Planning connected networks

  • A vision “to support the completion of connected [cycleway] networks in all main urban centres within 10 years.” This is very close to lining up with the Climate Commission’s draft advice (also open for submission now) that “for major population centres, the Government should also complete cycleway networks by 2030,
  • A shift towards network focused cycleway planning (such as around schools, public transport, and community hubs), 
  • Ensuring new development is supported by cycleways and cycle facilities,
  • Updating guidance so that cycleways are designed for all ages and abilities (including the various types of bikes used predominantly by the disability community)

Streamlining our funding system

  • Making funding processes for cycleway projects easier for transport authorities,
  • Creating a 10 year investment plan,
  • Using timeframes and redistributing funding if it isn’t spent (watch out Auckland Transport!),
  • Harnessing road renewals as an opportunity to provide improved safety for walking and cycling

Delivering change on the ground

  • Support for area-wide safer speeds,
  • Prioritising projects that are ready to go and easy to deliver
  • Making it easier to reallocate road space to create safer streets,
  • Making it easier for Councils to do trials for transport projects,
  • Coordinating a “community of practice” which would build capacity through sharing case studies and learnings,
  • Supporting innovation for cycling and micromobility, such as through Hoe ki angitū, The Innovation Fund

Putting people at the heart of change

  • A Māori-centred approach to cycling,
  • Funding the expansion of a community run bike recovery service… sounds like 529 Garage to us!
  • “Narrative for Change” Waka Kotahi will provide communication to help people understand why cycleways are important and bring them on the journey,
  • Trials of targeted E-bike libraries and subsidies in some locations,
  • Investing in first and last mile solutions such as secure bike parking, and shared e-scooters. This one includes a special mention of e-cargo bikes for freight!

Feedback on this plan will influence the expanded National Cycling Plan which is due for release at the end of the year; so we encourage you to fill in the survey and have your voice heard.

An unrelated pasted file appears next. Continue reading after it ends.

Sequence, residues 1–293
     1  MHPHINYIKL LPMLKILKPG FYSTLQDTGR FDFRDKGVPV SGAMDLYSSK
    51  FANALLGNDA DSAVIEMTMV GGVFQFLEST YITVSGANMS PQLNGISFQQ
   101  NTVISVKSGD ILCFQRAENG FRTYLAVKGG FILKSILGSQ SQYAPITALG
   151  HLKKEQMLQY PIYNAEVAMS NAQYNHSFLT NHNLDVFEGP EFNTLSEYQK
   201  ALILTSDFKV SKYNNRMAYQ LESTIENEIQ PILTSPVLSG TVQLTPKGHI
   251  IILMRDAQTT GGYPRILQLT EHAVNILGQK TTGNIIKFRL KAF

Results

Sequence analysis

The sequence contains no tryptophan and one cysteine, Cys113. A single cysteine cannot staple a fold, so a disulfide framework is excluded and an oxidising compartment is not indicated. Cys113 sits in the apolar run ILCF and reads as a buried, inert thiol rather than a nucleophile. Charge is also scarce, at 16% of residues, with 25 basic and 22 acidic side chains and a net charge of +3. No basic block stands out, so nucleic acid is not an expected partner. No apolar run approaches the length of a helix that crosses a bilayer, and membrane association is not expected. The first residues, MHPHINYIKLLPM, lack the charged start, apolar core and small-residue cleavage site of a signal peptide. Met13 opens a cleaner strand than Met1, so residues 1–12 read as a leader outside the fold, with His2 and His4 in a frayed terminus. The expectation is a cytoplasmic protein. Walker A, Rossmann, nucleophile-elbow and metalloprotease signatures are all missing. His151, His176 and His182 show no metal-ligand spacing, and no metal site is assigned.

How to submit

You can make your submission by filling in the survey found on this page. The survey is geared towards stakeholders and asks towards the end which type of organisation you represent. So, if there is a particular organisation who you could be giving feedback on behalf of, ask their permission to represent them on this plan.

Fill in this survey by Friday 26 May, 5.30pm.

While we recommend you respond in your own words, we’ve provided some prompts here to help get you started.

The Short Version

Overall we think this plan is great! For a quick submission all you really need to say is “All of this is great!” and “Please get on with it!” In the section where they ask if anything in the plan should be changed we suggest including;

Deliver cycle networks in major population centres by 2030
Accelerate the delivery of cycle networks in major population centres (eg. Auckland, Christchurch, Wellington) so they are complete by 2030 (instead of 2033) to align with the Climate Commission draft advice that “for major population centres, the Government should also complete cycleway networks by 2030.” 

The Long Version

The Cycling Action Plan gets our stamp of approval, and we want them to add in a few extra points. One of the last survey questions gives you an opportunity to add in things which they may have missed. Have a look at this list and add anything that you agree is important too!

Deliver cycle networks in major population centres by 2030
Accelerate the delivery of cycle networks in major population centres (eg. Auckland, Christchurch, Wellington) so they are complete by 2030 to align with the Climate Commission draft advice that “for major population centres, the Government should also complete cycleway networks by 2030.” 

Ensure an immediate response when there is a death or serious injury on the road